Egypt & America -- Connotations of Torture or Martha Stewart Sheets? Reality Check Time! (Marjorie Cohn’s Take)
Marjorie Cohn in her article "U.S. Chickens Come Home to Roost in Egypt" points out that the US has supported Egyptian Prez Mubarak with $1.3 billion annually, most of it in military aid. Egypt in return collaborates with Israel to blockade Gaza and offers “logistical support” to America for its wars.
2 million Egyptians are now revolting against Mubarak and the US is being called out internationally for its own corruption and war criminality and war criminality enabling. We all know the US is eager to have a pro-US replacement for Mubarak, the best replacement US money (that US citizens desperately need) and weaponry (that humanity in general does not need) can buy.
The welfare of the Egyptian people themselves was no big priority clearly to the Mubarak regime nor to an America supporting it with this vast sum of money. Marjorie Cohn on the standard of living of the Egyptian citizenry:
Mubarak’s “whole system is corrupt,” said Hesham Korayem, an Egyptian who taught at City University of New York and provides frequent commentary on Egyptian and Saudi television. He told me there is virtually no middle class in Egypt, only the extremely rich (about 20 to 25 percent of the population) and the extremely poor (75 percent). The parliament has no input into what Mubarak does with the money the United States gives him, $300 million of which comes to the dictator in cash each year.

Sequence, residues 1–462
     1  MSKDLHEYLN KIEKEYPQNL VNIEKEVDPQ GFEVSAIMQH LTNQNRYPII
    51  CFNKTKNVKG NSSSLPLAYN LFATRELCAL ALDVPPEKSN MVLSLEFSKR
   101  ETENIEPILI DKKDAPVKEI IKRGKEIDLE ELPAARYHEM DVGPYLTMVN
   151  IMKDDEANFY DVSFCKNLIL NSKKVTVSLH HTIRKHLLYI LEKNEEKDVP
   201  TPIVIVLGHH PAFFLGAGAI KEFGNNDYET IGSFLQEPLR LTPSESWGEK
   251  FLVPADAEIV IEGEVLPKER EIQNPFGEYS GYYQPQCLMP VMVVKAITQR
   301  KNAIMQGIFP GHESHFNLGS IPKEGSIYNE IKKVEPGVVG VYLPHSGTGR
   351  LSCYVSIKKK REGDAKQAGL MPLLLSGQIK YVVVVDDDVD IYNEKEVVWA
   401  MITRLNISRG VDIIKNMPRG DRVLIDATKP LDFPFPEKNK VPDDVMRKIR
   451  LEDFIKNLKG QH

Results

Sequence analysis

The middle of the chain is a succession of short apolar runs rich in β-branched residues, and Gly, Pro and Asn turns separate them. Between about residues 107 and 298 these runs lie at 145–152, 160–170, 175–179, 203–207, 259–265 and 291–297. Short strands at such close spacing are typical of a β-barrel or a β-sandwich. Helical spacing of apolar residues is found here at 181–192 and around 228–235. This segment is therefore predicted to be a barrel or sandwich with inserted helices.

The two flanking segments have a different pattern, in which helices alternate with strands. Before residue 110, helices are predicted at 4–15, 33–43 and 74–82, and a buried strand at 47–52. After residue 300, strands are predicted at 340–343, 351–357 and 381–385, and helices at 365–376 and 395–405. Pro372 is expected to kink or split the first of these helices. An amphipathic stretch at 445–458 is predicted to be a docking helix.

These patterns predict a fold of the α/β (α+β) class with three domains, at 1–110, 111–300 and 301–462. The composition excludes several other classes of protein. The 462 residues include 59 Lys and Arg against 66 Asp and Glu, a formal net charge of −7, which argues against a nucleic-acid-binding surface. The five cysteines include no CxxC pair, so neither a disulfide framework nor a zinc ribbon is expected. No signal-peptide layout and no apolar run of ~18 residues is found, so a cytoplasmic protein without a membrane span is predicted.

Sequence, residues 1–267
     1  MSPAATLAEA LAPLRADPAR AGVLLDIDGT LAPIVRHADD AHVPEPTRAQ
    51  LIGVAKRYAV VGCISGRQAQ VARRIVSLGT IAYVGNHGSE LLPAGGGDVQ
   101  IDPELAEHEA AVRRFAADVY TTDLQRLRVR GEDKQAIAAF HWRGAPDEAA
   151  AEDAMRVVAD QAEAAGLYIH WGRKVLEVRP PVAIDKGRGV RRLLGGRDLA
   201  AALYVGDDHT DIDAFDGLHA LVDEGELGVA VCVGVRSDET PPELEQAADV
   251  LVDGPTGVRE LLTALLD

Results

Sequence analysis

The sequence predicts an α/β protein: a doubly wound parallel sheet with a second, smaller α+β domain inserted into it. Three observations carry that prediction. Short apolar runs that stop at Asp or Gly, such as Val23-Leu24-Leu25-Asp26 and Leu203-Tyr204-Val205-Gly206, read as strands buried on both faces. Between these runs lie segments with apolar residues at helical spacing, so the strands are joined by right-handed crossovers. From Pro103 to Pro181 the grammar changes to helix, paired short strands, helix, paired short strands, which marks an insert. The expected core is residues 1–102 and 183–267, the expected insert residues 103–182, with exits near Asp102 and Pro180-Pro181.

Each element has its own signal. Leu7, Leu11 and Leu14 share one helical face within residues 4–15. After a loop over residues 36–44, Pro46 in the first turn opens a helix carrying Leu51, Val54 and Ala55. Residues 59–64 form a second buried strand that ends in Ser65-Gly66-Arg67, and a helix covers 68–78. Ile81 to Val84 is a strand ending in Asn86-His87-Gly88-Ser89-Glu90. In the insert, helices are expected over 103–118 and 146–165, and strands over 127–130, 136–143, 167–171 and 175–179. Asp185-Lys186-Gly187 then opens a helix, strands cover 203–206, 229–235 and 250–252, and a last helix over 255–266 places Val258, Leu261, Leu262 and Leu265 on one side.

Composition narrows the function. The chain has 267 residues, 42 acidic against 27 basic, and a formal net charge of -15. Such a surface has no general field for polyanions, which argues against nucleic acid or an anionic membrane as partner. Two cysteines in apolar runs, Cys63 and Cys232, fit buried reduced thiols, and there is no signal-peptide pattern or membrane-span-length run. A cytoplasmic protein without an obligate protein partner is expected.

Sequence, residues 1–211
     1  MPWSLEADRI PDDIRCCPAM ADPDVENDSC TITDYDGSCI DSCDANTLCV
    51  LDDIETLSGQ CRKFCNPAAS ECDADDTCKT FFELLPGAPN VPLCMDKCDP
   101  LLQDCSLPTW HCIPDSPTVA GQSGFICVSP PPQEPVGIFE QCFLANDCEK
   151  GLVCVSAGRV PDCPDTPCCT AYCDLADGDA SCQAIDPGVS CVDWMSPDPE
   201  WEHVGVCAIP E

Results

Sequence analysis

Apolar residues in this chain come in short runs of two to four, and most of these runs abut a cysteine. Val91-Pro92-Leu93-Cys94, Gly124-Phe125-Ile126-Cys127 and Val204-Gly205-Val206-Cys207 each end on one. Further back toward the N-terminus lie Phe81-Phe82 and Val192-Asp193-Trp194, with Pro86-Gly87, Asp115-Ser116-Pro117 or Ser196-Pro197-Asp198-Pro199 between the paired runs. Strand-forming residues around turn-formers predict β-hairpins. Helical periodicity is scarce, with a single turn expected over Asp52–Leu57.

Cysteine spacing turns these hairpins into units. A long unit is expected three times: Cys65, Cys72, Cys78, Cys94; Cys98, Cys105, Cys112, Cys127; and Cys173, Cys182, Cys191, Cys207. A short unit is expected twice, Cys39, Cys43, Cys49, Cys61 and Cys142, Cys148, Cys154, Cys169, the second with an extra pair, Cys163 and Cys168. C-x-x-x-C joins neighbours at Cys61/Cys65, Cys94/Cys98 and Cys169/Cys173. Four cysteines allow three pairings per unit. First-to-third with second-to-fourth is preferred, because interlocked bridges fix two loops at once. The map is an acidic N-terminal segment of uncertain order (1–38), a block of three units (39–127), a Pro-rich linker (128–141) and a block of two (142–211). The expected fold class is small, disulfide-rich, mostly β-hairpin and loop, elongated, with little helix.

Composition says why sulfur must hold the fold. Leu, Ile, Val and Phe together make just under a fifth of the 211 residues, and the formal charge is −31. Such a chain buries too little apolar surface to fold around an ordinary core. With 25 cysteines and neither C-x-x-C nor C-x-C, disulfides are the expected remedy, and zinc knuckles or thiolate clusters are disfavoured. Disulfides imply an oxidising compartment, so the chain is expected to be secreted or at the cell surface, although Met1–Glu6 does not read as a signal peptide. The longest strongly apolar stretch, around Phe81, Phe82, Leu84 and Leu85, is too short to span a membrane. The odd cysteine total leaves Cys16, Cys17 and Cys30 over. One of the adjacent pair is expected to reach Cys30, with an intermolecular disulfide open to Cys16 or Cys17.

Also troubling, the “torture business” provided by Egypt for the American CIA. Cohn provides some chilling commentary:
Torture is commonplace in Egypt, according to Korayem. Indeed, Omar Suleiman, Egypt’s intelligence chief whom Mubarak just named Vice-President, was the lynchpin for Egyptian torture when the CIA sent prisoners to Egypt in its extraordinary rendition program. Stephen Grey noted in Ghost Plane, “[I]n secret, men like Omar Suleiman, the country’s most powerful spy and secret politician, did our work, the sort of work that Western countries have no appetite to do ourselves.”
In her chapter in the newly published book, “The United States and Torture: Interrogation, Incarceration, and Abuse,” Jane Mayer cites Egypt as the most common destination for suspects rendered by the United States. “The largest recipient of U.S. foreign aid after Israel,” Mayer writes, “Egypt was a key strategic ally, and its secret police force, the Mukhabarat, had a reputation for brutality.” She describes the rendering of Ibn al-Sheikh al-Libi to Egypt, where he was tortured and made a false confession that Colin Powell cited as he importuned the Security Council to approve the U.S. invasion of Iraq. Al-Libi later recanted his confession.
The State Department’s 2002 report on Egypt noted that detainees were “stripped and blindfolded; suspended from a ceiling or doorframe with feet just touching the floor; beaten with fists, metal rods, or other objects; doused with hot or cold water; flogged on the back; burned with cigarettes; and subjected to electrical shocks. Some victims . . . [were] forced to strip and threatened with rape.”
In 2005, the United Nations Committee Against Torture found that “Egypt resorted to consistent and widespread use of torture against detainees” and “the risk of such treatment was particularly high in the case of detainees held for political and security reasons.”
About a year ago, an Italian judge convicted 22 CIA operatives and a U.S. Air Force colonel of arranging the kidnapping of a Muslim cleric in Milan in 2003, then flying him to Egypt where he was tortured. Hassan Mustafa Osama Nasr told Human Rights Watch he was “hung up like a slaughtered sheep and given electrical shocks” in Egypt. “I was brutally tortured and I could hear the screams of others who were tortured too,” he added.